3. Public events
For larger public events, like conferences or webinars, Zoom is still a reasonable choice. It offers most relevant functionalities like webinar and meeting modes, screen-sharing and break-out sessions. The easy onboarding process and high user adoption make are also attractive.
Video-conferencing is a dynamic market with lots of competitors. Microsoft and Google have also upped their game. So be flexible, as market trends and user adoption might change. Also consider that not all tools are commercially available everywhere. If you work on or in countries such as Belarus and Sudan, you or your partners might not be able to use Zoom due to US sanctions and export restrictions.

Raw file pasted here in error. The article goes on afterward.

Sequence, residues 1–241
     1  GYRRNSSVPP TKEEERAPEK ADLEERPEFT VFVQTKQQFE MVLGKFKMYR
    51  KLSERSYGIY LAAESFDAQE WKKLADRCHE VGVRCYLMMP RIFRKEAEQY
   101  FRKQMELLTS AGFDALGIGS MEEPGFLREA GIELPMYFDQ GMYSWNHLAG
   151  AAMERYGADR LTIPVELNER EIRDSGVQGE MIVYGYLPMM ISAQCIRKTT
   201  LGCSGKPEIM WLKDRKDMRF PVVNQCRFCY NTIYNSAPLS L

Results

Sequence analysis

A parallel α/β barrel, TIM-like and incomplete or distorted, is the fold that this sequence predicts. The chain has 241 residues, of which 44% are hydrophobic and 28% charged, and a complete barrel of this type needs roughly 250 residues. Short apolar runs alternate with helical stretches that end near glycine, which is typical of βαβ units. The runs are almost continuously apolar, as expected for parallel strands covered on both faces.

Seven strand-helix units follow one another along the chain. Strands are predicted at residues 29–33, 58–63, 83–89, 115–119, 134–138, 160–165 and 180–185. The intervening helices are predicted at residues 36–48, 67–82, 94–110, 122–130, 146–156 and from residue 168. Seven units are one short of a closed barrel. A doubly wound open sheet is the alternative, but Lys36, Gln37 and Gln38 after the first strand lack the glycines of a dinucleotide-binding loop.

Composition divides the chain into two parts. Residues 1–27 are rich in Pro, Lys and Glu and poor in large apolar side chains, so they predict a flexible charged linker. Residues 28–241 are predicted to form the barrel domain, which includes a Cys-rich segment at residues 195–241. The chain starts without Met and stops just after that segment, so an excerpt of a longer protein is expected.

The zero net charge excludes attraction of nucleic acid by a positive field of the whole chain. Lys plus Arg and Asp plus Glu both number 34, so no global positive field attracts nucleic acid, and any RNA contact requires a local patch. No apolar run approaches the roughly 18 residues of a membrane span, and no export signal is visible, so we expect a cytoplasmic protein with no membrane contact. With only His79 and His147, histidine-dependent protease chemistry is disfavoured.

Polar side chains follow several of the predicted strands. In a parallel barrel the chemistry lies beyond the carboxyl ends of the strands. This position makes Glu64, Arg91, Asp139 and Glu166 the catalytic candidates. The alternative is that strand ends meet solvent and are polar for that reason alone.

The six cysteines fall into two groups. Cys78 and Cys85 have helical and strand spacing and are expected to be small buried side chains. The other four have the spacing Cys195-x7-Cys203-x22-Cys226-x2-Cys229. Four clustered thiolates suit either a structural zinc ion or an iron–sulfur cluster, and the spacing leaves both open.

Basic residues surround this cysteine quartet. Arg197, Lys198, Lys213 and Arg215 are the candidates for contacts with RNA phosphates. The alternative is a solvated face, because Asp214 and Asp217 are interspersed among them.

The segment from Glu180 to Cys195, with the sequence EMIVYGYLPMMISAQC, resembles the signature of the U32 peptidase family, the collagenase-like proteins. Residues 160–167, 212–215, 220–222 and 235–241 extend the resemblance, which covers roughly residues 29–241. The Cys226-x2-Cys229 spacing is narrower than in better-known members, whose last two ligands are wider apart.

If you are using Zoom, send all employees a ‘first aid kit’ to improve security
If you are already using Zoom, as a quick fix you can develop something like a security ‘first aid kit’. This essentially is a list of best-practices to set up Zoom calls securely and avoid ‘Zoombombing’:
- Educate your team when to use what tool. Zoom may be good for public meetings, but for internal or small meetings with external participants, it may be preferable to use Microsoft Teams (if you have it) or your secure back-up alternative.
- Never share the link for participating in Zoom webinars publicly. Not on Facebook, nor on your website, because this invites intruders. Send the link directly to participants after registration with a note not to pass it on.
- Do not make the webinar or meeting public. Use a password as default. Consider sending the password in a separate email to the one with the participation link.